The United States has so far rushed more than $3.5bn worth of armaments to Ukraine since Russia invaded, including howitzers, anti-aircraft Stinger systems, anti-tank Javelin missiles, ammunition and recently-disclosed ‘Ghost’ drones.

Interim summary

  • Ukrainian forces have retaken villages in the Kharkiv region, President Volodymyr Zelenskiy said in his nightly address. The settlements of Cherkaski Tyshky, Ruski Tyshki, Borshchova and Slobozhanske were reportedly retaken from Russian forces in a recovery that could signal a new phase in the war, Zelenskiy added while cautioning against expecting “certain victories”.
  • Belarus will deploy special operations troops in three areas near its southern border with Ukraine in response to a “growing threat” by the US and its allies, the armed forces said. The Belarusian president, Alexander Lukashenko, said Moscow had agreed to help Minsk produce missiles to beef up its military capabilities and warned Belarus could “inflict unacceptable damage on the enemy”.
  • The number of civilians killed in Ukraine since the beginning of the war is “thousands higher” than official figures, the head of the UN’s human rights monitoring mission in the country said. The official UN civilian death toll in Ukraine stands at 3,381, as well as 3,680 injured.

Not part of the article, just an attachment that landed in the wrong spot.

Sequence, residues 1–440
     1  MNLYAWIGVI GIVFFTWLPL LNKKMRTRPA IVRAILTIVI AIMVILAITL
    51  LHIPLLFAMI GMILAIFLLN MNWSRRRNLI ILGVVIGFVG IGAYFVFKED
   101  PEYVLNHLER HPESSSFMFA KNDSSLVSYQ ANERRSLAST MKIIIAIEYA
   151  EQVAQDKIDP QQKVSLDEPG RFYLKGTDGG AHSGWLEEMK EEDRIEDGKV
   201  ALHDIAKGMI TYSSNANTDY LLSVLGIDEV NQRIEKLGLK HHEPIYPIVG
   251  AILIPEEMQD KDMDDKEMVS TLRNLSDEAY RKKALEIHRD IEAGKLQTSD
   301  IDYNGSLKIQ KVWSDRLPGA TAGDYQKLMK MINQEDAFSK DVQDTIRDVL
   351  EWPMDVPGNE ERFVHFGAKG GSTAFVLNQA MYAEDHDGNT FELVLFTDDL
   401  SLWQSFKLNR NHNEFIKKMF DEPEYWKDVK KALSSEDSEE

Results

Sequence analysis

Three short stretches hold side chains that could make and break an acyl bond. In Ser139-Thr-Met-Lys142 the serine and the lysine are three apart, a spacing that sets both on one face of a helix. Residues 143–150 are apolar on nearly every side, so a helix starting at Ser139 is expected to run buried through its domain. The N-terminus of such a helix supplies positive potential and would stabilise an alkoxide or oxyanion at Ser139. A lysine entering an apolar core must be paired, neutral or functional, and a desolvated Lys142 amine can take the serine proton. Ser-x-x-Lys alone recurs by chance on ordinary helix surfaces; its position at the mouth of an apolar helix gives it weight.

• At least 100 civilians remain in Azovstal steelworks under heavy Russian fire in the southern Ukrainian city of Mariupol, an aide to the city’s mayor has said. Russian forces have not reduced the intensity of their attacks on the plant, where civilians and the city’s last Ukrainian defenders are holed up, Petro Andryushchenko said. Ukraine’s Azov Regiment made a plea to the international community for help, saying its soldiers were trapped in “completely unsanitary conditions, with open wounds” and “without the necessary medication and even food”.
  • Ukrainian officials said they found the bodies of 44 civilians in the rubble of a building in the north-east of the country that was destroyed weeks ago. The bodies were found in a five-storey building that collapsed in March in Izium, about 120km (75 miles) from the city of Kharkiv.
  • US lawmakers in the House of Representatives approved more than $40 billion more aid for Ukraine on Tuesday. The legislation is set to go the US Senate where it is expected to pass.
  • The UN General Assembly voted overwhelmingly on Tuesday for the Czech Republic to replace Russia on the world organisation’s leading human rights body following its suspension over allegations of horrific rights violations by Russian soldiers in Ukraine.
  • Ukraine has said it will suspend the flow of gas through a transit point which it says delivers almost a third of the fuel piped from Russia to Europe through Ukraine, blaming Moscow for the move and saying it would move the flows elsewhere. GTSOU, which operates Ukraine’s gas system, said it would stop shipments via the Sokhranivka route from Wednesday, declaring “force majeure”, a clause invoked when a business is hit by something beyond its control, Reuters reports. Russia’s Gazprom said this would be “technologically impossible”.